This week's concert offerings include Dierks Bentley at the big stage in Morrison and Bela Fleck and Abigail Washburn taping at eTown in Boulder.
There are a few good ones in the actual city limits of Denver -- read on for our picks this week.Jurassic 5 Ogden Theatre : 8:00 p.m. July 21; 8:00 p.m. July 22
More than misogyny or materialism, intelligence and verbal skill are championed by Jurassic 5; the vocabulary is impressive and the verbal acrobatics the guys perform are outstanding. J5 carries the energy and excitement of a newer era group but bring the flavor of an old hip-hop act (the crew strongly echoes the legendary Cold Crush Brothers), and it follows musical cues that are classic in the truest sense.Nick Waterhouse Bluebird Theater : 8:00 p.m. July 21
Nick Waterhouse is more retro-minded than many musicians, but the singer-guitarist has turned his love of the past into a way of discovering who he is in the here and now. "You become something on the way there," he says about the various ways he's incorporated the influence of idols Mose Allison and Van Morrison into his own music. Wearing oversize spectacles and formal suits, Waterhouse slightly resembles Buddy Holly, while the cover art of his second album, Holly, evokes Herb Alpert and Ladies of the Canyon. The Orange County-raised singer, however, is more about vintage soul and R&B on such uptempo, horn-pumped numbers as "This Is a Game." Amid the Hammond-like organ, stylishly clipped guitar accents and overall early-'60s vibe of "High Tiding," Waterhouse urges, "Come close and see something moving in me."Nine Inch Nails and Soundgarden Red Rocks Amphitheatre : 7:00 p.m. July 21; 7:00 p.m. July 22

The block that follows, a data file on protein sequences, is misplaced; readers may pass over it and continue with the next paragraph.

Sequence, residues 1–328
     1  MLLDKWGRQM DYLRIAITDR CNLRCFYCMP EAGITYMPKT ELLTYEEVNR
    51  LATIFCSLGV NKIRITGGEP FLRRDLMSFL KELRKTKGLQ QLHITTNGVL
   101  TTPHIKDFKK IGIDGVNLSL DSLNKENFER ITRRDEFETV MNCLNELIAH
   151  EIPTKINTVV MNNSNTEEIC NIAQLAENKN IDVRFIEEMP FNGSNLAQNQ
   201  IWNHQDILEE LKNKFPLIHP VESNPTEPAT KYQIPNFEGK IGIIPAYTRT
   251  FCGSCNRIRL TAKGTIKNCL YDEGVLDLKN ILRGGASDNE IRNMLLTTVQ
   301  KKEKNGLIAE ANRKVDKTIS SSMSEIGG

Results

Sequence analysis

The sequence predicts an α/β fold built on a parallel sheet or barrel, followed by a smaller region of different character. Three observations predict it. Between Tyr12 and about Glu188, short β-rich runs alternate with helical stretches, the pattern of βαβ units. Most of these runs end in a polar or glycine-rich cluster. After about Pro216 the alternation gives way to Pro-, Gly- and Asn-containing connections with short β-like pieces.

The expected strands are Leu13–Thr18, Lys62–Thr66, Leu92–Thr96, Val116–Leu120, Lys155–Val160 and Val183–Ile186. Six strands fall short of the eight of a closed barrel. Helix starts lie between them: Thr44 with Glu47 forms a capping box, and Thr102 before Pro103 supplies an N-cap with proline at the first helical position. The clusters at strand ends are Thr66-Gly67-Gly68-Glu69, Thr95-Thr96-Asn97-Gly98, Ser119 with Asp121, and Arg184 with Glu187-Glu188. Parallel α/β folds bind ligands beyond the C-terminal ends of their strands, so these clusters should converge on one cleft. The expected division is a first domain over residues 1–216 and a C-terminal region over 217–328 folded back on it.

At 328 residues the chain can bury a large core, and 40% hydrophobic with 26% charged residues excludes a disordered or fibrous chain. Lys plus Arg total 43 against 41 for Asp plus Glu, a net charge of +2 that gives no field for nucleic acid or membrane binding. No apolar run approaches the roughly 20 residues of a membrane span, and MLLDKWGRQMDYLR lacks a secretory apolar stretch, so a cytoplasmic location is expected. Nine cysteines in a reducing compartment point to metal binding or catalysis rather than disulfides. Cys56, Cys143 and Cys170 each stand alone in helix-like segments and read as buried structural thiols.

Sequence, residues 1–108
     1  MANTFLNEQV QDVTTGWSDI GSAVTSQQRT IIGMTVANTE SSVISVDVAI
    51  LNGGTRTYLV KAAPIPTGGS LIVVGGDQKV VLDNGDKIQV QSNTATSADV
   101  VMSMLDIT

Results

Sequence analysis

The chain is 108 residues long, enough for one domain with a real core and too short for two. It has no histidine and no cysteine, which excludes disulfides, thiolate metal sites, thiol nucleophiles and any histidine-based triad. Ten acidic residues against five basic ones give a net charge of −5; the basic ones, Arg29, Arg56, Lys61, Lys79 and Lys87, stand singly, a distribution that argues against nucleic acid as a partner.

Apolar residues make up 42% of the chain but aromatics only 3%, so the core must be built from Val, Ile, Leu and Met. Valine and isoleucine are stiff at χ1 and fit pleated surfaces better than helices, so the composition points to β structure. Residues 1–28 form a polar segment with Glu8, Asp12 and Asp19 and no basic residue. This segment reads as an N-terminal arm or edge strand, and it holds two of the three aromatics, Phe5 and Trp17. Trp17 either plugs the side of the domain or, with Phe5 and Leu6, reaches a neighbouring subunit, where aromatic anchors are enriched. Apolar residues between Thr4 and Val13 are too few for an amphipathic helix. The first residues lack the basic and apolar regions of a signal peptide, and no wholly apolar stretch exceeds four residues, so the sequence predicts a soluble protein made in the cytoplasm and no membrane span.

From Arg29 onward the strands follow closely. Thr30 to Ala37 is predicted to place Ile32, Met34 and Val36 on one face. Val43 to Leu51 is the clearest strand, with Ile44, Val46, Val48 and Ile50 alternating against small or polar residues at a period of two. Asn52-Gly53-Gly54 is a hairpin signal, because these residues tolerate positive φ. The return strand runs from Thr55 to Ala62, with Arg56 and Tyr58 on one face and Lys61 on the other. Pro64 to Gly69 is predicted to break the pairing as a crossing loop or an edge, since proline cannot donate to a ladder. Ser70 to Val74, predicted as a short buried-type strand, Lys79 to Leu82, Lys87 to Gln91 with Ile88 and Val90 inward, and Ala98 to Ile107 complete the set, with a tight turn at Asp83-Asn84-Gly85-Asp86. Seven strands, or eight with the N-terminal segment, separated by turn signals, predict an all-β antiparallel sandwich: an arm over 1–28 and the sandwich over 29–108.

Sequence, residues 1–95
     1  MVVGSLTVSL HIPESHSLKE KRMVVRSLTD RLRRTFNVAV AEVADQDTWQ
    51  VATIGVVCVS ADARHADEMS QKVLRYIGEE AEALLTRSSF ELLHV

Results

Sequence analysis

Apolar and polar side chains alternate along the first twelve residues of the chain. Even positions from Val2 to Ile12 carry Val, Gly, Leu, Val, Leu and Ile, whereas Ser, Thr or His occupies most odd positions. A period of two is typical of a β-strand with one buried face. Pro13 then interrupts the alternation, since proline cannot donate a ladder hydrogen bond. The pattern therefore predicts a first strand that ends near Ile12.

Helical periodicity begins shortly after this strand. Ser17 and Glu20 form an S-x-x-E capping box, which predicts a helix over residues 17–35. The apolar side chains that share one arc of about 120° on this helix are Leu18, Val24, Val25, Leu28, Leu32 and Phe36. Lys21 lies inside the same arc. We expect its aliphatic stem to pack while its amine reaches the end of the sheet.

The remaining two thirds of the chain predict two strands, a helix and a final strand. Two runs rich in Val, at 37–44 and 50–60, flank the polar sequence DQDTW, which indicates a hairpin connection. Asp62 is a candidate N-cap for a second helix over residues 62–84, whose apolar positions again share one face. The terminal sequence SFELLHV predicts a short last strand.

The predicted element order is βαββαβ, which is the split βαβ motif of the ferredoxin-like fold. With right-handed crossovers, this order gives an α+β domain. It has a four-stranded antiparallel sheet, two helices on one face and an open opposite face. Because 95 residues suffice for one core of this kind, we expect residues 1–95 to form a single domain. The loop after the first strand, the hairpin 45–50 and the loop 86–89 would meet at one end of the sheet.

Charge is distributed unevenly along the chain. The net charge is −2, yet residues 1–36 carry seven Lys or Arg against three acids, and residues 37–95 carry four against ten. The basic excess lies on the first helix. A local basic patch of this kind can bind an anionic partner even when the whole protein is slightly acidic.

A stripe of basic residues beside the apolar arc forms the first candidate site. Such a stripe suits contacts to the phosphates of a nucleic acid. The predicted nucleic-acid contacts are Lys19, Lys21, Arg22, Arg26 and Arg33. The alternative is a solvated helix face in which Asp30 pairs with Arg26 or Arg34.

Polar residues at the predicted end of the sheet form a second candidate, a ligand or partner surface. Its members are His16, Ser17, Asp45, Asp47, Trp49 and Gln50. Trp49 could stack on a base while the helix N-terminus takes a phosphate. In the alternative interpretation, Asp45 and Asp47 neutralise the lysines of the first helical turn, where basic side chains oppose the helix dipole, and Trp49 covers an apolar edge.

In September 1989, Soundgarden released its major-label debut on A&M, the exhilaratingly harrowingLouder Than Love
. A little over a month later, Nine Inch Nails' dark and brilliant debut album,Pretty Hate Machine
, came out on TVT. Neither broke huge in the mainstream, but both helped to define what would become alternative music in the '90s. Both bands wrote about confusion, desperation and pain, as well as the triumphant determination to weather life's hardships, and they did it with poetry and uncommon honesty. Though not a pioneer of industrial music, Trent Reznor brought that aesthetic into the mainstream without compromising his own artistic vision. Soundgarden, though associated with grunge, had its roots in Seattle's punk scene and has put out consistently vital records, including 2012's comeback album,King Animal.
These twin juggernauts of the alternative-rock era are no dinosaurs live, and shouldn't be missed.Hard Working Americans (with Jason Isbell) Boulder Theater : 8:00 p.m. July 22
An alt-country supergroup of sorts, Hard Workings Americans includes singer Todd Snider, Dave Schools (bassist of Widespread Panic), Neal Casal (guitarist of The Chris Robinson Brotherhood), Chad Staehly (keyboardist of Great American Taxi) and drummer Duane Trucks (of King Lincoln and of the Trucks family lineage). In January, the group released its self-titled debut, which is comprised entirely of covers by the likes of Randy Newman, Lucinda Williams, Kevin Gordon, Hayes Carll, Gillian Welch and Dave Rawlings.Dierks Bentley Red Rocks Amphitheatre : 6:30 p.m. July 23